The Inyanga, the Sangoma and the Herbalist

with Elliot Ndlovu

May 8, 2018

In our ongoing quest to find out more about Zulu traditional beliefs, we meet Elliot Ndlovu, a sangoma, inyanga and herbalist.
A few months back, after one of my first chats with Gugu Mkhize (24 Aug) I went into a local Bargain Books (25 Aug) and asked about any Zulu traditional belief books or books on sangomas. They said they didn’t have but they had a biography about a sangoma! This turned out to be exactly what I needed. And for 99 bucks, I got it (30 Aug).

Melanie Reeder’s ‘A Sangoma’s Story: the calling of Elliot Ndlovu’ is packed with biographical information about Elliot himself, but additionally, vital information on some of the medicinal plants and herbs that he and many others use as well as traditional beliefs and myths from the Kamberg area that Elliot grew up in, in the Drakensberg. It’s a valuable resource and I encourage you all to get a hard copy or the ebook versions.

Melanie Reeder’s book (Photo: Riley Embleton)
One of the many markers identifying species
Kniphofia plants
Ukuthwasa – training/ initiation

Amadlozi – ancestors

Amathambo – Bones

Umsamo – sacred place

“I saw a coffin coming from the door. It came straight and stood next to my bed. When I looked at that coffin I said, hmm maybe I’m dying now.”
One of Elliot’s protected herb gardens
My wife, Riley and I, visited Elliot at his farm outside Mooi River and on arriving he proceeded to show us around the grounds – open fields and cordoned off greenhouses with rows and rows of bland as well as beautiful plants – all with purposes in traditional healing. We hiked over mounds of innumerable plants (some you would think were weeds) and I found myself tiptoeing around at the fear of harming something that can potentially heal while Elliot enthusiastically pointed and spouted off names and scientific names of plants we’ve never heard of and couldn’t t keep up with.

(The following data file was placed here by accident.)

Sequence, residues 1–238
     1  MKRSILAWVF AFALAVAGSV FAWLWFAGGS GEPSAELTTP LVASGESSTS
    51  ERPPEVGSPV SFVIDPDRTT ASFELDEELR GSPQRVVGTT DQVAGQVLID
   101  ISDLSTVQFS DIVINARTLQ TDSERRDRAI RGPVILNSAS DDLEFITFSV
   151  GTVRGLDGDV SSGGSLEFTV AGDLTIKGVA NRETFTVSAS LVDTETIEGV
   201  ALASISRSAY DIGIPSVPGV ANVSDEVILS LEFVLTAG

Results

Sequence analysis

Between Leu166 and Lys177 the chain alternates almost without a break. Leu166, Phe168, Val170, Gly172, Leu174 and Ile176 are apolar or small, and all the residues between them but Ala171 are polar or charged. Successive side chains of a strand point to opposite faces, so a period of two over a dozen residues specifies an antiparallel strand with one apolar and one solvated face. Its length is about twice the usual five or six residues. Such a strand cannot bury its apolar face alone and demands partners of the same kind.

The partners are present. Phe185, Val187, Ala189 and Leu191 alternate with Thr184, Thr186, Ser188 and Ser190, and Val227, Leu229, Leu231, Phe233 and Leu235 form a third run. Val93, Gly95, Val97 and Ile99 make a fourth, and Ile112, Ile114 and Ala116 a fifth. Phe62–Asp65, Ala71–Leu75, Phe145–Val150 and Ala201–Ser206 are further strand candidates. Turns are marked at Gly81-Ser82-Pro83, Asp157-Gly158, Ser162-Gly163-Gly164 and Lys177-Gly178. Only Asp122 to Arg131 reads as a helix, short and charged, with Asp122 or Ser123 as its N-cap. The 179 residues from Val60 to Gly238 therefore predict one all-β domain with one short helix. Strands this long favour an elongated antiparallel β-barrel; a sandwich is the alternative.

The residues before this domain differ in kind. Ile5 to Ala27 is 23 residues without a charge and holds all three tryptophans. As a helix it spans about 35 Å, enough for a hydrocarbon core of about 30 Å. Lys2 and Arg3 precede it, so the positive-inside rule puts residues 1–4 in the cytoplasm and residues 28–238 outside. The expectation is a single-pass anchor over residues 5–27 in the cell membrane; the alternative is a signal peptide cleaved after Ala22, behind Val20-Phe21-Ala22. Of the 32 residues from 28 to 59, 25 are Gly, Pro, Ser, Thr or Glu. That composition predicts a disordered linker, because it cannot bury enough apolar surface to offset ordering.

His knowledge and range of indigenous plants is vast. All this started with his ukuthwasa, where part of the initiation was the imparting of all the knowledge he needed, by his ancestors, to become a traditional healer. From the time he was a student in Pietermaritzburg, until working at Mooi River Textiles, Elliot was called by his ancestors to follow his true calling. His family, the community and local farmers as well as the people of Fordoun Spa Elliot practices, and many others, have provided the support for Elliot to realize his vision and spread his knowledge.
Begining our chat (Photo: Riley Embleton)
Eucomis zambesiaca (Photo: Riley Embleton)
uKuthwasa (initiation):

One of the aspects of Elliot’s journey was his ukuthwasa. In the podcast (and in Reeder’s book), Elliot takes us through that fascinating event and everything that lead up to it.

The calling to be a traditional healer is frought with ups and downs, depending on how receptive the person is to the messages their ancesors are conveying to them. But once it’s accepted, it is a moving moment in anyone’s life.

The ukuthwasa itself is both an interesting experience, and in Elliot’s case, a phenomenal receiving of information from “the other side”.


YOU MIGHT LIKE: The Abalozi, the Spiritualist and the Teacher

“…my ancestors were driving me to the pool, there at Kamberg, which was 5 metres deep. So they submerged me into that pool to the next morning. That’s where I met all my ancestors.”
Find Melanie Reeder’s ‘A Sangoma’s Story: the calling of Elliot Ndlovu’ on most book retailer sites: Takealot, Amazon Kindle or direct from Penguin Random House.
Melanie Reeder’s book
Elliot shows Stephen around the grounds of his farm, packed with dozens of different medicinal plants. (Photo: Riley Embleton)

Each person’s journey to becoming a traditional healer, in various cultures, is unique. For me, finding out more about the Zulu traditional healers is essential in building a picture of the history of the Zulus and other Southern African people as well as the value that they bring to modern healing practices before their knowledge is lost forever.

Find out more info on Elliot Ndlovu, purchase a copy of Melanie Reeder’s book or visit Fordoun Spa in the KZN midlands.

Elliot Ndlovu (left), Stephen (right). (Photo: Riley Embleton)